A business’ network now crosses several international borders, and it is becoming increasingly common for an individual or company to enter into agreements or hold assets in multiple countries. How to enforce a foreign judgment is then helpful to understand, particularly when the judgment debtor no longer resides in the country, or when the judgment debtor has assets or money in another country that could satisfy the debt. We set out below three ways that you can enforce and register a foreign judgment in Australia.
What Factors Do I Need to Consider?
Enforcing a foreign judgment in Australia depends on:
- The country where the judgment was issued; and
- The type of judgment that was issued (e.g. monetary or non-monetary judgment).
In Australia, there are three main ways to enforce a foreign judgment:
- Statutory enforcement;
- Enforcement through a treaty; or
- Enforcement under common law.
1. Enforcing a Judgment Through Statutory Enforcement
You should first determine whether you can enforce the judgment in Australia under the Foreign Judgments Act 1991 (Cth) (FJA). Under the FJA, if parties entered into a judgment outside Australia, you can register the judgment in Australia to enforce against the debtor (the individual or company owing the money). Although the FJA is the easiest way to register a foreign judgment, it has a limited application.
What Judgments Can Be Registered Under the FJA?
A foreign judgment must satisfy the following conditions before its registration:
- The judgment must be final and conclusive;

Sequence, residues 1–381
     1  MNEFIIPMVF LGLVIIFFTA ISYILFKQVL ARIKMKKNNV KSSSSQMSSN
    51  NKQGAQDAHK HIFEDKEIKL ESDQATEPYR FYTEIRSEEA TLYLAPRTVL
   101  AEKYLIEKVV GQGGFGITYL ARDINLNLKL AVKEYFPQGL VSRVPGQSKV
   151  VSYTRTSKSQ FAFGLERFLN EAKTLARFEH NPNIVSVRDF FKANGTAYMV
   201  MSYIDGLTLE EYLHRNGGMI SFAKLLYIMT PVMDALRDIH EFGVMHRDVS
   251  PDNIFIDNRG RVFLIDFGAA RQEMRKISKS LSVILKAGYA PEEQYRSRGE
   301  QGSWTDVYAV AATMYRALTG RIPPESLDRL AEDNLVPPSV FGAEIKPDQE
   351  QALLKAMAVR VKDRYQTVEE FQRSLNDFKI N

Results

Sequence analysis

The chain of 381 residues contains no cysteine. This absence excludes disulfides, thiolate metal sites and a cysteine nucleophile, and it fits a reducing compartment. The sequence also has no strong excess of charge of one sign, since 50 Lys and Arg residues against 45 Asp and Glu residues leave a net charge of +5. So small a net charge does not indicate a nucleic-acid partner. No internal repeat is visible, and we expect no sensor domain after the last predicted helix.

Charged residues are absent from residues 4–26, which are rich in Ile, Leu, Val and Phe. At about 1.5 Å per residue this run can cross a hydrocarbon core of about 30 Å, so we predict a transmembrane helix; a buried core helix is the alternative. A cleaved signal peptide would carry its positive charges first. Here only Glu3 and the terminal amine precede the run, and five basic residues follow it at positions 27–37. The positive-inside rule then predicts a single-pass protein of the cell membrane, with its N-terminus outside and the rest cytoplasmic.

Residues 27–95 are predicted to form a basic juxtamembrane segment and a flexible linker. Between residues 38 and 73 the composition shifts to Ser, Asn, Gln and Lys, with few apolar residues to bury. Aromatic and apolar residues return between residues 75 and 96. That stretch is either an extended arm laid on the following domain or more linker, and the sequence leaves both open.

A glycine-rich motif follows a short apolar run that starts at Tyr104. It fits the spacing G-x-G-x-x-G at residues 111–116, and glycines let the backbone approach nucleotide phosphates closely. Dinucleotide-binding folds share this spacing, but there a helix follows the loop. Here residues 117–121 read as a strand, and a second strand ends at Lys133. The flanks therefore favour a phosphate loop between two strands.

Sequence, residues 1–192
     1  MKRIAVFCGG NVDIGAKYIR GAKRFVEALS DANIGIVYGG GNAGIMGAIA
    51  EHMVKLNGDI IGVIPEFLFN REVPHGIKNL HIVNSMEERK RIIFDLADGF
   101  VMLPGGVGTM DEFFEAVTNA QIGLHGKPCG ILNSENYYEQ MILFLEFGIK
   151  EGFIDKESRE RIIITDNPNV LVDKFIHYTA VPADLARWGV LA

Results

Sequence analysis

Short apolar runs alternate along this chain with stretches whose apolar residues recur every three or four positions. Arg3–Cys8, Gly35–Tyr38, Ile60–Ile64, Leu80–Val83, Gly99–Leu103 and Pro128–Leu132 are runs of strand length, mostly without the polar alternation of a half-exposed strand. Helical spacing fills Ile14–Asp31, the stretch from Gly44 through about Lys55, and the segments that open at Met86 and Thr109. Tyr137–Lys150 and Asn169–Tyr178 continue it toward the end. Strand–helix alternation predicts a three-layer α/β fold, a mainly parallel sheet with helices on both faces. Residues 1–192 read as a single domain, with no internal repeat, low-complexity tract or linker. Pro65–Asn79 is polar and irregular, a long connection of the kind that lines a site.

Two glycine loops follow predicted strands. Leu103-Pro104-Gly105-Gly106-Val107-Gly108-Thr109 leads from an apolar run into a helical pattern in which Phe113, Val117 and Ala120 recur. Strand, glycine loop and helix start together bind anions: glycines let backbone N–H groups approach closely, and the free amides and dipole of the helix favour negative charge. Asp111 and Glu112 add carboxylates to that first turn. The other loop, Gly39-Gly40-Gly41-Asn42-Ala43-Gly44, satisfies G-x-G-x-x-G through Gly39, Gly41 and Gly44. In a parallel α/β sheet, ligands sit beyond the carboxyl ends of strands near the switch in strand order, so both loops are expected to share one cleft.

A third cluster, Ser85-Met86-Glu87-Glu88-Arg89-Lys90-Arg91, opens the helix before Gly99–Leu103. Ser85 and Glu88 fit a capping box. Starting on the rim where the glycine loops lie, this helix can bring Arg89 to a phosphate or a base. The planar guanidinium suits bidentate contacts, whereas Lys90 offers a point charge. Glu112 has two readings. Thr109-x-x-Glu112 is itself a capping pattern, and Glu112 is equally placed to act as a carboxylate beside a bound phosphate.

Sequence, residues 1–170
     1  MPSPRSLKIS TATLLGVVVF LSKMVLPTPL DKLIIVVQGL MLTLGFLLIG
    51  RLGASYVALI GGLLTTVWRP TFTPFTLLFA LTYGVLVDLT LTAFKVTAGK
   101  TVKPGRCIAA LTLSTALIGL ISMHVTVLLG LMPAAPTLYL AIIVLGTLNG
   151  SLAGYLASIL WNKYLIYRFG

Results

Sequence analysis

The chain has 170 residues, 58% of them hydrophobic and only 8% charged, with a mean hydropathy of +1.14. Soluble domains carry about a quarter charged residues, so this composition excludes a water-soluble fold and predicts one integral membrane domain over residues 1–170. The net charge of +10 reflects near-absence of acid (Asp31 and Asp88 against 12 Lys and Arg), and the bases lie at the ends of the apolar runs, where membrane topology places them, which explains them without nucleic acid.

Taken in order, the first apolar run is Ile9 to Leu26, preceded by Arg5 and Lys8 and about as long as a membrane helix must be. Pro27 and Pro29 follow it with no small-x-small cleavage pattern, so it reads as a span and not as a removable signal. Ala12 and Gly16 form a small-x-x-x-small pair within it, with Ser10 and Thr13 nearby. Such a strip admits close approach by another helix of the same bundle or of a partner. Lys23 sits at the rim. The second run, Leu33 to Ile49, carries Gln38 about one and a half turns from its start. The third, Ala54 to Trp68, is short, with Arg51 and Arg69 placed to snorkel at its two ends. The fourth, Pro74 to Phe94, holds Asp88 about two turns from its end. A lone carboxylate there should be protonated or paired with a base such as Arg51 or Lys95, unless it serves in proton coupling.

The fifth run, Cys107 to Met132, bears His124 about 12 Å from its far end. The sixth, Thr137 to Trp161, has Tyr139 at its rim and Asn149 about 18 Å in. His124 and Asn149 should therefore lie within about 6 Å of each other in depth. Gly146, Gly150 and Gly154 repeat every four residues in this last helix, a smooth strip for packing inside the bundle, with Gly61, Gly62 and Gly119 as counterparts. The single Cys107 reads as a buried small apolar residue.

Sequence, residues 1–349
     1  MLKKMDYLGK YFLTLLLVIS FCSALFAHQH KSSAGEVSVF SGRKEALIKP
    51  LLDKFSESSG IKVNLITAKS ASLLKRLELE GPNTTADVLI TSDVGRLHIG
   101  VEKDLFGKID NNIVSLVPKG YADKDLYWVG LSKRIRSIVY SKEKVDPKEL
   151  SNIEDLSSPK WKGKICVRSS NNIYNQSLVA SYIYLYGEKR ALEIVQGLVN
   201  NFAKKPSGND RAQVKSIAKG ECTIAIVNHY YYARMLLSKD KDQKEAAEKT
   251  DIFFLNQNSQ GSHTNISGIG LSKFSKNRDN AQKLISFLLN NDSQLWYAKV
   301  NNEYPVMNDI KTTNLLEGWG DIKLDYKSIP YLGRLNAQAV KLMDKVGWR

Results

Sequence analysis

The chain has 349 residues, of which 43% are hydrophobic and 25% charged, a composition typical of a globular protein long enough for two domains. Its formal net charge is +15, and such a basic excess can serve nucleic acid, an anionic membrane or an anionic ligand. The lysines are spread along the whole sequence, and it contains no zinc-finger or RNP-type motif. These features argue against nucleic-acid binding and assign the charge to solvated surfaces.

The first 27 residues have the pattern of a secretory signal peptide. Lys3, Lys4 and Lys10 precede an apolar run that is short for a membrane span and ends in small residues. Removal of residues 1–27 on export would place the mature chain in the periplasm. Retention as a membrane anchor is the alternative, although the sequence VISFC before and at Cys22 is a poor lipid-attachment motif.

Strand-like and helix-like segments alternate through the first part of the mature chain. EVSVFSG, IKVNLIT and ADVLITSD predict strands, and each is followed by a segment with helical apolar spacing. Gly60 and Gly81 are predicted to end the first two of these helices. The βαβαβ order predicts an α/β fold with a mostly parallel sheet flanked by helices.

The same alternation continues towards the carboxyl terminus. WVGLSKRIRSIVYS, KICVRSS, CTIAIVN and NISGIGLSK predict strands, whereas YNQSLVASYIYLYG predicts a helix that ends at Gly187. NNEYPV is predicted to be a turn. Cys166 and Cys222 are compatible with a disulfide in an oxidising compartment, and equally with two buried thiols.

- It must be an enforceable ‘money judgment’(i.e. a judgment for the payment of money);
- The parties to the registration must be the same as the parties to the judgment; and
- The judgment must be from a prescribed court of a country listed in the Schedule of the Foreign Judgments Regulations 1992 (Cth).
Under the FJA, a party must make an application to register a foreign judgment within six years of the judgment date.
2. Enforcement Under Other Legislation and Treaties
If the foreign judgment is unenforceable under the FJA, parties can try enforcing the judgment under a bilateral treaty that Australia is a party to. For example, Australia and the UK are parties to the agreement Reciprocal Recognition and Enforcement of Judgments in Civil and Commercial Matters 1994. Likewise, judgments from New Zealand are registerable under the Trans-Tasman Proceedings Act 2010 as both Australia, and New Zealand are parties to this act.
3. Common Law Enforcement
If parties cannot register the judgment under the FJA, and a bilateral treaty does not apply to the particular country, the judgment may be enforced under the common law. Enforcing a foreign judgment under common law commences in the same way as any other court proceedings. Determining what court to initiate proceedings in depends on various factors including the monetary amount sought and the location of assets that can be used to satisfy the judgment.
Before enforcing a foreign judgment under the common law, the Court must be satisfied that the judgment is the following:
- Final and conclusive;
- For a definite sum of money;
- Parties to the Australian proceedings must be the same as the parties to the foreign judgment; and
- The foreign court had jurisdiction over the judgment debtor.
Questions? Get in touch with our disputes lawyers.
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